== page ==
We returned to Cairns to walk around the Centenary Lakes and added Osprey, Striated Heron, Little Black Cormorant, Magpie-lark, Australian Brushturkey, Orange-footed Scrubfowl, Pacific Black Duck, Bush Stone-curlew and Black Butcherbird.


Bush Stone-Curlew on nest

Bush Stone-Curlew on nest © Abram Tompkins


Time allowed for one more stop: a known Rufous Owl location. Darkness was settling in quickly, but all guests had views before we retreated for dinner.


Day 3: October 12, 2022

It was a rainy start on our 2-hour journey to Michaelmas Cay on the Great Barrier Reef for nesting seabirds, but upon arrival the weather was absolutely perfect and the birding spectacle was top-notch! We had unbeatable views of Brown Noddies, Sooty Terns, Great and Lesser Crested Terns, Brown Boobies and a Red-footed Booby, in addition to fly-by views of Great Frigatebirds. Brief views of Black-naped Terns and a lone Roseate Tern as well rounded out our day on the reef.


Michaelmas Cay

Michaelmas Cay © Abram Tompkins


Day 4: October 13, 2022

We started another morning at the Cairns Esplanade and added Olive-backed Sunbird, White-bellied Cuckooshrike, Yellow Honeyeater, Common Greenshank, Sharp-tailed Sandpiper, Bar-shouldered Dove before venturing to a cemetery nearby. A fly-by Pacific Baza was on display, followed by a pair of nesting Gray Goshawks and Brahminy Kites, plus a roost of flying foxes (both Spectacled and Black Flying Foxes were present).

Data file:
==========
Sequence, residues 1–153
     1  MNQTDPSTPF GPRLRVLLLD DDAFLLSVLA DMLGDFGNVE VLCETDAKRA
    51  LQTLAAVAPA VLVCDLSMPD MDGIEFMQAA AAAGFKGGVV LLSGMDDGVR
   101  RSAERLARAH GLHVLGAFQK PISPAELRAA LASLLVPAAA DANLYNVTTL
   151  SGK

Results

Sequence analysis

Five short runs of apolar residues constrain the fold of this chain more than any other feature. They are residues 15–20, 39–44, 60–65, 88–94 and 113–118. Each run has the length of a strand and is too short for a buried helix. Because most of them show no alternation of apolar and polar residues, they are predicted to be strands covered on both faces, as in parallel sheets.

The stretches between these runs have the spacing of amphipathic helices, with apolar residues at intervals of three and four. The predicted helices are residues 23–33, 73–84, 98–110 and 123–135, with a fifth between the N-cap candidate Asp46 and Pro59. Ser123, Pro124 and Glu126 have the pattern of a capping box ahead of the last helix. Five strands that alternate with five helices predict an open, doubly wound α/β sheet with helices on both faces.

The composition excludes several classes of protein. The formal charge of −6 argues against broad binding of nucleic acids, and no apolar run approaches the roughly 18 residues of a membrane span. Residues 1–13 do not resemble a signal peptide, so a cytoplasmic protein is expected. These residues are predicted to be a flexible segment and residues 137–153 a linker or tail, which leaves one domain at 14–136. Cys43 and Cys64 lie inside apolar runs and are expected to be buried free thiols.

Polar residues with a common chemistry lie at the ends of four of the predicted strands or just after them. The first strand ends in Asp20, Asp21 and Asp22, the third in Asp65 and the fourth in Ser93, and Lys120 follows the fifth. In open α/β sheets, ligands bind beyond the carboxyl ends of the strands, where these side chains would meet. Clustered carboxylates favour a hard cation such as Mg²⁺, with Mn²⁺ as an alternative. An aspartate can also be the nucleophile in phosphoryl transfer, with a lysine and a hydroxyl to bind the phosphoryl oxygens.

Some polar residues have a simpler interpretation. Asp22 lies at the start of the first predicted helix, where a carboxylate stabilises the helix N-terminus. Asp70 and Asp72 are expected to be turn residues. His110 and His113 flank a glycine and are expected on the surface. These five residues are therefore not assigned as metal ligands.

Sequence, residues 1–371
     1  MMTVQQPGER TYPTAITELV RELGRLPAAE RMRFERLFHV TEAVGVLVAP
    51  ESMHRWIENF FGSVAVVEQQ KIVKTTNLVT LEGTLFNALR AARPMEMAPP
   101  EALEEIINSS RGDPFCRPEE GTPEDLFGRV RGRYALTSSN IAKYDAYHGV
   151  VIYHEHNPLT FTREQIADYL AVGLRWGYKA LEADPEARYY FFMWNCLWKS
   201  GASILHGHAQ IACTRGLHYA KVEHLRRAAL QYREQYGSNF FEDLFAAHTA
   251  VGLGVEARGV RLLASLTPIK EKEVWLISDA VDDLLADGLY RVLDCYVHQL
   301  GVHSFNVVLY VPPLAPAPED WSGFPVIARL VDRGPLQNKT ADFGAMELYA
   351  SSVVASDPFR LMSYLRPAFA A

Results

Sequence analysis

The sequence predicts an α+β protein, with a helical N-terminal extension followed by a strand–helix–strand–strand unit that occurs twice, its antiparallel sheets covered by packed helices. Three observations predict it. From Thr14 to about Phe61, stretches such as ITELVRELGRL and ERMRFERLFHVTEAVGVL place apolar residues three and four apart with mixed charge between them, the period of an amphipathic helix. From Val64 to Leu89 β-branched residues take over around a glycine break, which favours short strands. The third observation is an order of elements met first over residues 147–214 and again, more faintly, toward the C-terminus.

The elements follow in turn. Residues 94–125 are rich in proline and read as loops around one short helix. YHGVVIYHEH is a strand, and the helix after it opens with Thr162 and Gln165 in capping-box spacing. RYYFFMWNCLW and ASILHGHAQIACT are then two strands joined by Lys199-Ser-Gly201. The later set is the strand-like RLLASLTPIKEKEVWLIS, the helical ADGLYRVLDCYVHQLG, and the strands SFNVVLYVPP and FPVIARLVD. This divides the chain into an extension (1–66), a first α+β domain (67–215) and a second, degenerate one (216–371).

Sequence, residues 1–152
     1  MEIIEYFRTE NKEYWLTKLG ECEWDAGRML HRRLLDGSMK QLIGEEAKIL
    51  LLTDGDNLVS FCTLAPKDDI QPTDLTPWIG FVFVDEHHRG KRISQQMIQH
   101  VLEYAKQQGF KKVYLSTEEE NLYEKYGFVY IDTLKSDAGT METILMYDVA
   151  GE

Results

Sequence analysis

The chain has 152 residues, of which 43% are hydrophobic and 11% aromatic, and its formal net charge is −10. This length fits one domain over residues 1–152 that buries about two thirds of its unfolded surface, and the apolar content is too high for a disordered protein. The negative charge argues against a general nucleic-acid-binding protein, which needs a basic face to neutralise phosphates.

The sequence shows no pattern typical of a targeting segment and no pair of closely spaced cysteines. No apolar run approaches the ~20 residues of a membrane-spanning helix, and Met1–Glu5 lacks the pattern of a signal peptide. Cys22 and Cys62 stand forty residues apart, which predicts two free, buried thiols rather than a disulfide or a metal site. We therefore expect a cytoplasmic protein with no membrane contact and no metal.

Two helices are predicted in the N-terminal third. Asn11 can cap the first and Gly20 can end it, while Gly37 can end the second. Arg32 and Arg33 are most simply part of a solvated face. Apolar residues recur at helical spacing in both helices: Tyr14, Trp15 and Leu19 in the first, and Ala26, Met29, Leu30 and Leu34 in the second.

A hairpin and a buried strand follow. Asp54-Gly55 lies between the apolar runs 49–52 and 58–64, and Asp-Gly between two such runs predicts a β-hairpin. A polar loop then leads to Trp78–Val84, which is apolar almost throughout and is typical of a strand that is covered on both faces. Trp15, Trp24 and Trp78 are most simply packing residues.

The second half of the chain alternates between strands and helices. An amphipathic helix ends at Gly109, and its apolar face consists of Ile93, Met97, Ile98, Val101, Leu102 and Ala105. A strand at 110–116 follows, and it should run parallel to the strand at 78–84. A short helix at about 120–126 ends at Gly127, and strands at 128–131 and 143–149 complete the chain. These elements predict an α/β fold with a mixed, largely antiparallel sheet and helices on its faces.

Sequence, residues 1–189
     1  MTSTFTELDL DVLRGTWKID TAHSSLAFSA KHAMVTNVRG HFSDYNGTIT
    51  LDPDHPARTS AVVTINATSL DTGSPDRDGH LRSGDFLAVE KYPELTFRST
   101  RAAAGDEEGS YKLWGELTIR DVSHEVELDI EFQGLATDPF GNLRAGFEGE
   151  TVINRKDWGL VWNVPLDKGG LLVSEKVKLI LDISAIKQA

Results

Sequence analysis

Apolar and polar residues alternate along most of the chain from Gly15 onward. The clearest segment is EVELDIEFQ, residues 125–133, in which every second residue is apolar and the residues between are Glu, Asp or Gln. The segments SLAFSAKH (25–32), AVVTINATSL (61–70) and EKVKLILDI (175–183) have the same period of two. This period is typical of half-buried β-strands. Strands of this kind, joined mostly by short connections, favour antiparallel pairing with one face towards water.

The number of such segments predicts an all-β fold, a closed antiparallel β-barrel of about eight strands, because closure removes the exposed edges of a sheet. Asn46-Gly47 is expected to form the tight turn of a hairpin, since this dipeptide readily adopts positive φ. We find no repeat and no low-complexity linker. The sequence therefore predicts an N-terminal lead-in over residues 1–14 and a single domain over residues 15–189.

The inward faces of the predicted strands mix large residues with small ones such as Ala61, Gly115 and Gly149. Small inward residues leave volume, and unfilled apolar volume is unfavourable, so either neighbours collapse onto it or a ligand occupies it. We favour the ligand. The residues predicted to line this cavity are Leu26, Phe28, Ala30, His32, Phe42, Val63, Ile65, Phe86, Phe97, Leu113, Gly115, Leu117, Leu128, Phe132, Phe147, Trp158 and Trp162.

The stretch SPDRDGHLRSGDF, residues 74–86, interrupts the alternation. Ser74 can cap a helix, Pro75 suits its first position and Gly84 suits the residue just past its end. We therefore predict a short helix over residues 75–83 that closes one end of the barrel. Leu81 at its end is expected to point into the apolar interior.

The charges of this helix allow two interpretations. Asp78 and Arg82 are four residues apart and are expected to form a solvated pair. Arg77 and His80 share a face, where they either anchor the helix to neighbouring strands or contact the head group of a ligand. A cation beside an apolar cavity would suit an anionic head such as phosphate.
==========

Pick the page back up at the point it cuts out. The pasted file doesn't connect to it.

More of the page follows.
We hit the road, left Cairns and picked up where we left off in the Atherton Tablelands (Cairns Highlands). A brief stop at an information centre further added to our trip total with Olive-backed Oriole, Rufous Whistlers, White-throated Honeyeater and Black Kites. A nearby stop for a mob of Eastern Grey Kangaroos (and very excited tour guests) had Channel-billed Cuckoos and Pacific Koel calling, followed by sightings of Little Corella, Red-winged Parrot, Crested Pigeon and Pale-headed Rosellas. A targeted search in Mount Malloy found us a Squatter Pigeon along with several Great Bowerbirds (and bowers too)!

Upon arrival at Kingfisher Park Birdwatchers Lodge, we quickly added Chestnut-breasted Munia, Red-browed Firetail, Macleay’s Honeyeater, Blue-faced honeyeater, Cryptic Honeyeater, Yellow-faced Honeyeater and Spectacled Monarch at the feeders and surrounding areas.